Gophers football coach Tim Brewster made it clear last week that he doesn't think his team should be playing North Dakota State.
Given what transpired Saturday, that's probably a good idea.
In what will go down as one of the lowest points in program history, the Gophers were dominated in every way, shape and form by the Bison, who avenged a heartbreaking loss here last season with a 27-21 victory before an announced crowd of 63,088 at the Metrodome.
The Gophers were overpowered by a team that is a member of the Football Championship Subdivision (formerly I-AA), has 22 fewer scholarship players, does not have one player who was offered a scholarship to Minnesota and was 0-6 all-time against the Gophers.
It didn't matter. The Bison (7-0 and ranked No. 1 in the FCS) stormed into town with a huge following of fans, took the Gophers' money ($300,000 payout) and used a punishing running game to hand Minnesota its sixth consecutive loss.
The defeat also made official what had become obvious: The Gophers (1-7) can't qualify for a bowl game. They will be home for the holidays for the first time since 2001.
This is as bad as it gets.
"This is very, very frustrating," Gophers linebacker Steve Davis said. "Most of us have never been a part of a losing team. This year has come as a huge surprise. It's disappointing, but we've got four more games."
Which means things could really spiral downward for this team, starting next week at Michigan. The Gophers were so physically dominated and emotionally deflated that a one-victory season is looking more like a reality at this point.
Most Gophers fans expected growing pains under the new regime this season, but Saturday's performance felt like something else entirely.
"It seems like we're in every game but we just don't have the killer instinct to put a team away or jump out on them," senior center Tony Brinkhaus said.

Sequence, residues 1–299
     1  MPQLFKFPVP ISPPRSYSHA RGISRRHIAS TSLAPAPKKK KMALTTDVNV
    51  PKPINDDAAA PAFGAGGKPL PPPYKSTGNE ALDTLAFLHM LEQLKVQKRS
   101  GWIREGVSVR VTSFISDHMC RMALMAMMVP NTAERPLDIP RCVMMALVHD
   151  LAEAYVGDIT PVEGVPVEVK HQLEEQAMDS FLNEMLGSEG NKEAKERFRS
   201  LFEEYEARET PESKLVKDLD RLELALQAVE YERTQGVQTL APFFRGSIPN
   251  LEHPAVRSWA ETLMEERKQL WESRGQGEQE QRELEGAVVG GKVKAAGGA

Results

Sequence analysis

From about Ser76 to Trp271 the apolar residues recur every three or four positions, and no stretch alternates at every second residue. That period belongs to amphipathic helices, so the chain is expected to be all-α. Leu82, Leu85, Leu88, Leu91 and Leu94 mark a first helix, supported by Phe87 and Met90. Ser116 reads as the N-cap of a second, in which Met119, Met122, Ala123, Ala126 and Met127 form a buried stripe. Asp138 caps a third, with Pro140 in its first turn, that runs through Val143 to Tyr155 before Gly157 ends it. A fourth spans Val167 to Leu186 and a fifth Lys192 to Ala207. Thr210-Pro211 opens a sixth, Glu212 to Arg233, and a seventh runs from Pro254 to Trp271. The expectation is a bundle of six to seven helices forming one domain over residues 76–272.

The Bison certainly do. NDSU rushed for 394 yards (including a school-record 263 by Tyler Roehl), rolled up 585 total yards and had an edge in time of possession of nearly 14 minutes.
The final score could have been even worse if not for two missed field goals, a turnover that led to a touchdown and a roughing-the-passer penalty that led to another touchdown.
"Today didn't happen by chance," Bison coach Craig Bohl said. "It was no fluke."
He's right. A year ago, the Gophers underestimated the Bison but escaped with a 10-9 victory despite being outplayed. The Gophers knew what to expect this time and still got steamrolled by NDSU's running game.
"We just weren't good enough," Brewster said. "They were just more physical than we were."
The Gophers thought they had one final chance at a victory, but senior Dominique Barber was called for roughing the punter with 1 minute, 48 seconds left. The Bison kept the ball and ran out the clock.
Afterward, nobody from either team viewed it as an upset.
"Certainly a lot of people thought we had the short end of the stick as far as our resources," Bohl said. "But we were pleased with how we played."
For good reason. Facing a team that ranks last nationally in pass defense, the Bison used an old-school approach and ran it down the Gophers' throat.
Roehl powered his way for 263 yards on 22 carries, including a 77-yard touchdown run in the first quarter. With the score tied 14-14 and NDSU pinned at its 7 with 34 seconds left until halftime, Roehl went up the middle for 68 yards. That led to a 37-yard field by Shawn Bibeau at the horn.
Pat Paschall added 87 rushing yards on 12 carries. As a team, the Bison averaged a whopping 8.0 yards on 49 carries.
"Mistakes," Davis said when asked why NDSU rushed for nearly 400 yards.
"We struggled to tackle," Brewster said. "It's been an issue for us all season long. It's evident."
The Gophers offense didn't help the cause. Freshman quarterback Adam Weber completed only 10 of 22 passes for 162 yards and one touchdown. The Gophers managed only 125 rushing yards on 30 carries, lost starting tailback Jay Thomas to a knee injury and had four three-and-out series.
"When you have a combination of bad things going on, it's hard to win," Weber said.
That was never more evident than Saturday.